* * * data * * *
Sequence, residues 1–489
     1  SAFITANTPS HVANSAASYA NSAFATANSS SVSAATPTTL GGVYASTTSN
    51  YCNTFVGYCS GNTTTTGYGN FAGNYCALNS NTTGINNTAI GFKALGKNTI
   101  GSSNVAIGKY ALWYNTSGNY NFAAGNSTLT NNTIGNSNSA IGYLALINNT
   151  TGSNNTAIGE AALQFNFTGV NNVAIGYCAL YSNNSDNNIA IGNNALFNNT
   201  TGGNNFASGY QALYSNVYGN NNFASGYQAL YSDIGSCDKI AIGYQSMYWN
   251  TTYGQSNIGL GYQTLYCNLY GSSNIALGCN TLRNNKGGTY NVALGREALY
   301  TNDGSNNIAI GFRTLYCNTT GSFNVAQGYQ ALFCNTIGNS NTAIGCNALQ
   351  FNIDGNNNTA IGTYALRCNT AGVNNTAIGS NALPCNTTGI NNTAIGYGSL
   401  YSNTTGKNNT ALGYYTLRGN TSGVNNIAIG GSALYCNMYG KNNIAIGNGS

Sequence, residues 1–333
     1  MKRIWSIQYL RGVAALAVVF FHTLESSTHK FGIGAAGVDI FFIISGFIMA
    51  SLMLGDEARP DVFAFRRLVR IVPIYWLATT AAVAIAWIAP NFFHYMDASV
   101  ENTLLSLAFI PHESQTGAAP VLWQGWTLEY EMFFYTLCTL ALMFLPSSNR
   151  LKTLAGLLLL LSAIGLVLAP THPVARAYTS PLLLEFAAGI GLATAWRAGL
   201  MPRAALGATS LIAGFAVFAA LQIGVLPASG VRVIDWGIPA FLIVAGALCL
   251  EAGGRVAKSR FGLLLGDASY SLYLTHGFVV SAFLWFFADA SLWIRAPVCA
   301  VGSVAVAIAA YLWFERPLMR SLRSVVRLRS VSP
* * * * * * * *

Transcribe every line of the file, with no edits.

Sequence, residues 1–489
     1  SAFITANTPS HVANSAASYA NSAFATANSS SVSAATPTTL GGVYASTTSN
    51  YCNTFVGYCS GNTTTTGYGN FAGNYCALNS NTTGINNTAI GFKALGKNTI
   101  GSSNVAIGKY ALWYNTSGNY NFAAGNSTLT NNTIGNSNSA IGYLALINNT
   151  TGSNNTAIGE AALQFNFTGV NNVAIGYCAL YSNNSDNNIA IGNNALFNNT
   201  TGGNNFASGY QALYSNVYGN NNFASGYQAL YSDIGSCDKI AIGYQSMYWN
   251  TTYGQSNIGL GYQTLYCNLY GSSNIALGCN TLRNNKGGTY NVALGREALY
   301  TNDGSNNIAI GFRTLYCNTT GSFNVAQGYQ ALFCNTIGNS NTAIGCNALQ
   351  FNIDGNNNTA IGTYALRCNT AGVNNTAIGS NALPCNTTGI NNTAIGYGSL
   401  YSNTTGKNNT ALGYYTLRGN TSGVNNIAIG GSALYCNMYG KNNIAIGNGS

Sequence, residues 1–333
     1  MKRIWSIQYL RGVAALAVVF FHTLESSTHK FGIGAAGVDI FFIISGFIMA
    51  SLMLGDEARP DVFAFRRLVR IVPIYWLATT AAVAIAWIAP NFFHYMDASV
   101  ENTLLSLAFI PHESQTGAAP VLWQGWTLEY EMFFYTLCTL ALMFLPSSNR
   151  LKTLAGLLLL LSAIGLVLAP THPVARAYTS PLLLEFAAGI GLATAWRAGL
   201  MPRAALGATS LIAGFAVFAA LQIGVLPASG VRVIDWGIPA FLIVAGALCL
   251  EAGGRVAKSR FGLLLGDASY SLYLTHGFVV SAFLWFFADA SLWIRAPVCA
   301  VGSVAVAIAA YLWFERPLMR SLRSVVRLRS VSP